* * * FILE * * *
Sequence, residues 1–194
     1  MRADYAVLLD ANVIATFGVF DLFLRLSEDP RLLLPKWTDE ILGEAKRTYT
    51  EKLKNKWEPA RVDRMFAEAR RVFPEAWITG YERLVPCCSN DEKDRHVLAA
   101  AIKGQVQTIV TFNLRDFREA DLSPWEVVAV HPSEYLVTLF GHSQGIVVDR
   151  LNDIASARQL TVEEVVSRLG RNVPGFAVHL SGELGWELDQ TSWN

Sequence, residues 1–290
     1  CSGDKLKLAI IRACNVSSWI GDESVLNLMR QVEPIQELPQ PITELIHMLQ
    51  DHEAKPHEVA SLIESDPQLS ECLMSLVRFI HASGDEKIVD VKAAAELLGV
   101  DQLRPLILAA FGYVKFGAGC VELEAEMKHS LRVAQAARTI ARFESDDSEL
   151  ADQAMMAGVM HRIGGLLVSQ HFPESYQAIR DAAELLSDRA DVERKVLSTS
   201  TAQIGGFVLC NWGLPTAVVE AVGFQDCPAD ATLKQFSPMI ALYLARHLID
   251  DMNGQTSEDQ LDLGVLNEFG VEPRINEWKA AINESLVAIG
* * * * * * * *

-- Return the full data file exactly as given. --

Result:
Sequence, residues 1–194
     1  MRADYAVLLD ANVIATFGVF DLFLRLSEDP RLLLPKWTDE ILGEAKRTYT
    51  EKLKNKWEPA RVDRMFAEAR RVFPEAWITG YERLVPCCSN DEKDRHVLAA
   101  AIKGQVQTIV TFNLRDFREA DLSPWEVVAV HPSEYLVTLF GHSQGIVVDR
   151  LNDIASARQL TVEEVVSRLG RNVPGFAVHL SGELGWELDQ TSWN

Sequence, residues 1–290
     1  CSGDKLKLAI IRACNVSSWI GDESVLNLMR QVEPIQELPQ PITELIHMLQ
    51  DHEAKPHEVA SLIESDPQLS ECLMSLVRFI HASGDEKIVD VKAAAELLGV
   101  DQLRPLILAA FGYVKFGAGC VELEAEMKHS LRVAQAARTI ARFESDDSEL
   151  ADQAMMAGVM HRIGGLLVSQ HFPESYQAIR DAAELLSDRA DVERKVLSTS
   201  TAQIGGFVLC NWGLPTAVVE AVGFQDCPAD ATLKQFSPMI ALYLARHLID
   251  DMNGQTSEDQ LDLGVLNEFG VEPRINEWKA AINESLVAIG